Landfill gas is made up mostly of methane gas and carbon dioxide, and is emitted from the decomposing materials in landfills. Other materials found in landfill gas in small amounts include nitrogen, oxygen, water vapor, sulfur, and many other materials, including contaminants (mercury and radioactive contaminants have even been detected in landfill gas). There has been some talk of using landfill gas as a new green energy source, but there is some disagreement on whether the benefits of burning contaminants outweighs the costs.
To add to that, landfill gas has a few uses that are celebrated by those who believe that landfill gas is a green alternative to burning natural gas. These methods can be employed to produce electricity:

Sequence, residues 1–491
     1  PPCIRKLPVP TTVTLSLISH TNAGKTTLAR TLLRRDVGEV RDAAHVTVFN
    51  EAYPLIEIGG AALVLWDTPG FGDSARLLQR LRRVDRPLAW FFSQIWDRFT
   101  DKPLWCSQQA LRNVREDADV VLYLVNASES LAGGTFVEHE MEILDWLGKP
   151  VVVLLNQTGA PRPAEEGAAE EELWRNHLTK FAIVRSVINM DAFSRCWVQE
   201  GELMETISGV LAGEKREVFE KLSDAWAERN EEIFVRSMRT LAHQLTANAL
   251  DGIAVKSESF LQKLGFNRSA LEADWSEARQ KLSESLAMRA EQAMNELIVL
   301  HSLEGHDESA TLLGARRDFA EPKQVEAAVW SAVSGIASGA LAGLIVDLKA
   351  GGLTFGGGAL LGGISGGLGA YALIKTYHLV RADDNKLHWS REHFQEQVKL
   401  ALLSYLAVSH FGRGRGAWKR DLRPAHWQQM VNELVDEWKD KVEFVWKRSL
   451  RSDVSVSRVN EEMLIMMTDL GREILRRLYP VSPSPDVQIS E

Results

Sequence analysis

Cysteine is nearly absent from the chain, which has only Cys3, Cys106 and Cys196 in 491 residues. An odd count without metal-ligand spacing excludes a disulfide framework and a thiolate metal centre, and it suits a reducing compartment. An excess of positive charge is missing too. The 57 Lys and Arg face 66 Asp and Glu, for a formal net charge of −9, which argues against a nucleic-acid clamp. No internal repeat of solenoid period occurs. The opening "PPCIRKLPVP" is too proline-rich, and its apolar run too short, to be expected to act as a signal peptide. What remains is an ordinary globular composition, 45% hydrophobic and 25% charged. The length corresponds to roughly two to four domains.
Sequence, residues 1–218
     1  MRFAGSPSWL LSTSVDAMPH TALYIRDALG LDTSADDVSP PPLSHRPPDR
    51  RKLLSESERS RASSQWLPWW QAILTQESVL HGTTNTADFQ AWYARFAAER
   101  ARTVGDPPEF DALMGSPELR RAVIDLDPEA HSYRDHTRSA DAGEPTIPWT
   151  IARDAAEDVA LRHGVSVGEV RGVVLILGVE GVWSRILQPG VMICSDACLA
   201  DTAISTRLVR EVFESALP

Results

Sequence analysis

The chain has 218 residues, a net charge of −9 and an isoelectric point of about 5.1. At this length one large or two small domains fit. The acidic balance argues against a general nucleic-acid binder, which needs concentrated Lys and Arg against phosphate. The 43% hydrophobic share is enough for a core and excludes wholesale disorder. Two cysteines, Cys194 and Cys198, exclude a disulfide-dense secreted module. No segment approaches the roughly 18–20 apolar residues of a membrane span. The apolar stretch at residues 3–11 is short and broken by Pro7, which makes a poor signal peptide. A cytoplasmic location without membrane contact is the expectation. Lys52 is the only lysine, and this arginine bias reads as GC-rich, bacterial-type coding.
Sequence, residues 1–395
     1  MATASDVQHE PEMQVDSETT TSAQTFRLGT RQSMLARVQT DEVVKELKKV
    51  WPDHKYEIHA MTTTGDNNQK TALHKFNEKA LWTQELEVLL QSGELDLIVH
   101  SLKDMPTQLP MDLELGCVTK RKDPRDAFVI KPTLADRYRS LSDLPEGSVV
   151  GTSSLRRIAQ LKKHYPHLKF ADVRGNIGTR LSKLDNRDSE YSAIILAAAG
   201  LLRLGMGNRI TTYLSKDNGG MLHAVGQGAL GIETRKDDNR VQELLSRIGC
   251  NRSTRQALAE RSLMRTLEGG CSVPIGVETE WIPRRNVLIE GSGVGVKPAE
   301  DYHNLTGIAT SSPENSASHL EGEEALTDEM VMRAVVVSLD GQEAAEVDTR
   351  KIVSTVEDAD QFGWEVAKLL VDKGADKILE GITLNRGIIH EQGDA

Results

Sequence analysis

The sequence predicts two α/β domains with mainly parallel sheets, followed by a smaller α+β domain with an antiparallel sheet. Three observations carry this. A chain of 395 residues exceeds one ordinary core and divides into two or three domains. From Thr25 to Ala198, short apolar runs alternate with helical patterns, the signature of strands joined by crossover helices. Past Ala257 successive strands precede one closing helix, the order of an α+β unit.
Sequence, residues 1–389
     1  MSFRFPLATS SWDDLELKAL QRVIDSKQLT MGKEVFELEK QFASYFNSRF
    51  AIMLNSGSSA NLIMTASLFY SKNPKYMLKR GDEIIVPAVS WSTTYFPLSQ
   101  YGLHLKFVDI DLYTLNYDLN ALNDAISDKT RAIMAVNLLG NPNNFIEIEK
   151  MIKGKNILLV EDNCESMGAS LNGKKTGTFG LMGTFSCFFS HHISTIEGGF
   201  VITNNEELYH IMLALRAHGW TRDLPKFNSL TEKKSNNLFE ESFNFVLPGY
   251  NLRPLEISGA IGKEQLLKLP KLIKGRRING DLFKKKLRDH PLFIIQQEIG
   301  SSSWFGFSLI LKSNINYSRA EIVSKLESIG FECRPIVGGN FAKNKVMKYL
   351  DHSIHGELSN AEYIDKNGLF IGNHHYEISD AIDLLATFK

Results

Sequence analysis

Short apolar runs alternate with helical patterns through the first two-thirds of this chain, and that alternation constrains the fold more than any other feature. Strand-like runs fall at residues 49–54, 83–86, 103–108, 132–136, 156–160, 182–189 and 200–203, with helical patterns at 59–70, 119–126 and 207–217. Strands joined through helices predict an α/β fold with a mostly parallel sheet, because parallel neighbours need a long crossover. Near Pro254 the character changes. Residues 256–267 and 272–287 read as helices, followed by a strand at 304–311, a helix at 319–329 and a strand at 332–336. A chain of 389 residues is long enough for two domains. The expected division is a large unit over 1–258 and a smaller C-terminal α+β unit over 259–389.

People opposed to the burning of landfill gas claim that it contains less methane than natural gas and more halogenated chemicals, which when burned in the presence of hydrocarbons produce dioxins and furans. Dioxins and furans are both notoriously toxic to the human body and the environment.
Redbird and Tristin are correct. It seems that it is commonly used in the world today. States such as New Jersey, Pennsylvania, Colorado, New York, Texas and probably many others have facilities that create electricity from it. Also, General Motors gets some power via landfill gas.
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